Coping with Disasters
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We’ve compiled these online resources to provide information on how to help when disaster strikes. This includes a list of organizations that help those in need, information on how to talk to young children about disasters they learn about in the media, and preparedness for child care and preschool programs in the U.S. We’ve also provided information about helping children during and after a disaster.
- How organizations help children in a disaster
- Disaster planning for child care and preschool programs
- Talking to children about disasters
- Helping children after a disaster
- Including children in post-disaster rebuilding
- Families coping with disaster
- Post-disaster policy recommendations
How organizations help children in a disaster
The Red Cross helps people affected by disasters across the country and around the word.
Save the Children
Save the Children responds to the unique physical and emotional needs of children impacted by international disasters. The Domestic Emergencies Unit site emphasizes both preparedness for and responses to emergencies and disasters in the U.S., including issues around childcare.
UNICEF works to reach the most urgent needs of children.
CARE delivers food, shelter, and other essentials to survivors of disasters.
Children and Disasters
This comprehensive list from the American Academy of Pediatrics includes over 130 links to resources for families, child care facilities, and schools.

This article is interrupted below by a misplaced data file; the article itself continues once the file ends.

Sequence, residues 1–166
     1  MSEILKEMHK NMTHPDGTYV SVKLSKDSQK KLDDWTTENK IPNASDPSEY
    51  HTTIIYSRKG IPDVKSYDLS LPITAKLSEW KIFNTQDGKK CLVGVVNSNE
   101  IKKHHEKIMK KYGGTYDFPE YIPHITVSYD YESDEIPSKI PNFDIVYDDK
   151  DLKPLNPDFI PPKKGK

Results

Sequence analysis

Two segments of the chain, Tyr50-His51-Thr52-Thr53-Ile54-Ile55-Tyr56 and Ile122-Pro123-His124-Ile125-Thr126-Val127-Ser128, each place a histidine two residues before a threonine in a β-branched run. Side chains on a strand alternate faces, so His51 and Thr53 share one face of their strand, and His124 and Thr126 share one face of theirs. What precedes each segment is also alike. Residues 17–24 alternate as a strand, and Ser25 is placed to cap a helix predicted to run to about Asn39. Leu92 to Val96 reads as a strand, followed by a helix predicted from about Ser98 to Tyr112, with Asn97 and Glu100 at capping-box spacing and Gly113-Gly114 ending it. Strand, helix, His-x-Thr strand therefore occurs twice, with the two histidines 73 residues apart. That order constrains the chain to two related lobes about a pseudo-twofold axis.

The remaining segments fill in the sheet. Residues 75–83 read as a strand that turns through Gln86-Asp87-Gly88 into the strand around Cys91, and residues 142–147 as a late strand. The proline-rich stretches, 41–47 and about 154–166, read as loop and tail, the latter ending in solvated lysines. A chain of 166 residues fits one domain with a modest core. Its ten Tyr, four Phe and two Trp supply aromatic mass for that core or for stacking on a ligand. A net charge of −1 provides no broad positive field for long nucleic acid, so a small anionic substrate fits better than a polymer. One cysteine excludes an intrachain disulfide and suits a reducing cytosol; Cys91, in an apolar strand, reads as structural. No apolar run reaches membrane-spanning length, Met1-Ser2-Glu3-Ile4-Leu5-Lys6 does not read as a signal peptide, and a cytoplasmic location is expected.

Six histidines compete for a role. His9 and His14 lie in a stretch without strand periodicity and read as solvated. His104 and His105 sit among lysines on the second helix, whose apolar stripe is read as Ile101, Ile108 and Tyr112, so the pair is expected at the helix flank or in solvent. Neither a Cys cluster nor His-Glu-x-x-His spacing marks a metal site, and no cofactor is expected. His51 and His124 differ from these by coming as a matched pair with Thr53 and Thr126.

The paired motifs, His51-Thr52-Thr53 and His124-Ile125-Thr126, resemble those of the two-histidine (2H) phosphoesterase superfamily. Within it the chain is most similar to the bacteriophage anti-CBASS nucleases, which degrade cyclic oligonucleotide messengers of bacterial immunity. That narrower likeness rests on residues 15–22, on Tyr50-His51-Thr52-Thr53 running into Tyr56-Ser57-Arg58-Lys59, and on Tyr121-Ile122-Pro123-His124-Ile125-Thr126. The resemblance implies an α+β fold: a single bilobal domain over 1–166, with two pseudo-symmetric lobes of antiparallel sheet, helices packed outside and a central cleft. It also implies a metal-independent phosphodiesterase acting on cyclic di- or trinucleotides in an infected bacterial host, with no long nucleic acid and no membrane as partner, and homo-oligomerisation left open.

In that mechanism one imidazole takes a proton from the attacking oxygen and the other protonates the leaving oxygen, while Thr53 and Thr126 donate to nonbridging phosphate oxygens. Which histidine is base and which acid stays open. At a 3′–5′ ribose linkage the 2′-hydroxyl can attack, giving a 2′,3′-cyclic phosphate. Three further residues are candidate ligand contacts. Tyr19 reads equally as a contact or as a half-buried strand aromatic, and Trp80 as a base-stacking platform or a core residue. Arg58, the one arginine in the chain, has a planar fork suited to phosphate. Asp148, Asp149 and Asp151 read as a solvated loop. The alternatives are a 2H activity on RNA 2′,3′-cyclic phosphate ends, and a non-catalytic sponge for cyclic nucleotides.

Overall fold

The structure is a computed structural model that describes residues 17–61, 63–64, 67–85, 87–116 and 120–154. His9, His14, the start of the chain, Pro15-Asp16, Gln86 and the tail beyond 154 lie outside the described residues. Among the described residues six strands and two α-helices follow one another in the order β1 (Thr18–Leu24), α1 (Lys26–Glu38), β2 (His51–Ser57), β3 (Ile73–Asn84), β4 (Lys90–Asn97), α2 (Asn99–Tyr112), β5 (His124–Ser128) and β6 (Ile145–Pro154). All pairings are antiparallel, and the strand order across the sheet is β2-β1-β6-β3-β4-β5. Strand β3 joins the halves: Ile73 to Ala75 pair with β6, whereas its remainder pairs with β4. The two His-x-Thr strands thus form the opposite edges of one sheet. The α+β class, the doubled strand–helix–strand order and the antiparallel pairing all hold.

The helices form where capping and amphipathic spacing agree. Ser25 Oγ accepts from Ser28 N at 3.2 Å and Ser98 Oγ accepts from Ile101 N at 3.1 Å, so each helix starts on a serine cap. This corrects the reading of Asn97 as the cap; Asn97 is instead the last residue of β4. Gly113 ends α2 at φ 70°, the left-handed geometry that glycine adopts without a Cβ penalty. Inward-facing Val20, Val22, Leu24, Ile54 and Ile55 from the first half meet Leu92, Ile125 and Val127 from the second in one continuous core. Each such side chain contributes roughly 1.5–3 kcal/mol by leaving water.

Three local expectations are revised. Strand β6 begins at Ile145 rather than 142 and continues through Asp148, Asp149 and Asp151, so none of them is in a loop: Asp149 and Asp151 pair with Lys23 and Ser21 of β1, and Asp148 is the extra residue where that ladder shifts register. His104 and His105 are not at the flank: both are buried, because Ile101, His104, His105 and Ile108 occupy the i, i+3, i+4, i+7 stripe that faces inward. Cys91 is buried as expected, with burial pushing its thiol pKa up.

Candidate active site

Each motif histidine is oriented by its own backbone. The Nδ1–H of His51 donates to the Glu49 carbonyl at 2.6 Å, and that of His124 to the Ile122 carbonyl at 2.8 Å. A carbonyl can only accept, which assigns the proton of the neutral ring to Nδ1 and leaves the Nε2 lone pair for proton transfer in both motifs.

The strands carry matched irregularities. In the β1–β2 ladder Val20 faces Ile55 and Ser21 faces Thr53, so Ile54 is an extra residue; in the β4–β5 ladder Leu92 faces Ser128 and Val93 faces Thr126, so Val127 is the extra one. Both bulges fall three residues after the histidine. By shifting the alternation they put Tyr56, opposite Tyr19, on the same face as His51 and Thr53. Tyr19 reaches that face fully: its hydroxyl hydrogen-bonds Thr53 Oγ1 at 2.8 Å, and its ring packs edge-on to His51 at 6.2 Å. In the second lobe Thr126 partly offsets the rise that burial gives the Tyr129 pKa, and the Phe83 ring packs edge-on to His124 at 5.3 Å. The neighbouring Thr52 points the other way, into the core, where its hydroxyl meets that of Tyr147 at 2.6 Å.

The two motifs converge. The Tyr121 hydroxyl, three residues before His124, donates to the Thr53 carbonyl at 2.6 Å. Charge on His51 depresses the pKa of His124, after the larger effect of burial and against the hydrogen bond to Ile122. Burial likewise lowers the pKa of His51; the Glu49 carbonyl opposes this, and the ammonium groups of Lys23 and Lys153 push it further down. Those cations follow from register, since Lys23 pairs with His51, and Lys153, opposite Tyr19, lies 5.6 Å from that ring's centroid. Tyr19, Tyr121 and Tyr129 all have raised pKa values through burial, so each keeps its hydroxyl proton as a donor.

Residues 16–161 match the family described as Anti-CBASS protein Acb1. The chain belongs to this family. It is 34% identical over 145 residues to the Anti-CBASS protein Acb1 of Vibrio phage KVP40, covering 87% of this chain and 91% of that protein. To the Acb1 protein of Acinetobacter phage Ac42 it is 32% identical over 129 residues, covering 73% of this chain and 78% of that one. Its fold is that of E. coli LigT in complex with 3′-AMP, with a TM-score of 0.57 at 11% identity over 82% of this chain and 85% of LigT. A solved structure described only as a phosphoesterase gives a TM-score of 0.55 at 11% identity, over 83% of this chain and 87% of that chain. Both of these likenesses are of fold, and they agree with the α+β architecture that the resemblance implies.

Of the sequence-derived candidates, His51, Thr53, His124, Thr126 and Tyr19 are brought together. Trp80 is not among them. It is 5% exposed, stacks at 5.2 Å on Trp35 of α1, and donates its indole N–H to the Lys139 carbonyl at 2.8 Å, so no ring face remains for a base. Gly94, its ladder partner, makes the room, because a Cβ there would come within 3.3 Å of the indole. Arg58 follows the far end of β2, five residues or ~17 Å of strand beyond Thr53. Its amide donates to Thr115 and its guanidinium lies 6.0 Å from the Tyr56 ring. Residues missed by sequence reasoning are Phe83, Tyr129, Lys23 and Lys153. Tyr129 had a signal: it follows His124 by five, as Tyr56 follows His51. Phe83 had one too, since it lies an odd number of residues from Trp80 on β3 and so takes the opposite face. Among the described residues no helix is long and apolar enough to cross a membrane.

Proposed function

Developing Culturally Appropriate Resources
In 2009 NAEYC's Asian Interest Forum (AIF) developed culturally sensitive resources to help those impacted by a Typhoon in Taiwan. This column shares some of the strategies and insights learned about how to help young children from different cultures cope with natural disasters.
Disaster planning for child care and preschool programs
Children and Disasters
This compilation of web-based resources for programs is from the American Academy of Pediatrics.
Childcare Emergency Preparedness Toolbox
Seven print tools programs can use to evaluate their emergency preparedness plan - from the federal government.
NCCIC’s Office of Child Care’s Emergency Preparedness
This resource includes information on several Federal agencies, national organizations, and publications that have information for child care providers on preparing for emergencies.
Child Care Aware® of America's Emergency Preparedness
Resources for child care care providers and CCR&Rs to prepare for a crisis, disaster, or emergency event.
Talking to children about disasters
Tips for Talking to Children and Youth after Traumatic Events
Subtitled “A Guide for Parents and Educators,” this printable PDF contains concise tips for talking to children after traumatic events as well as resource links when more active intervention may be required.
Talking to Children about Earthquakes and Other Natural Disasters
Suggestions for talking to children about earthquakes and natural disasters from a child psychiatrist are provided in a printable PDF by the American Academy of Child and Adolescent Psychiatry.
Helping children after a disaster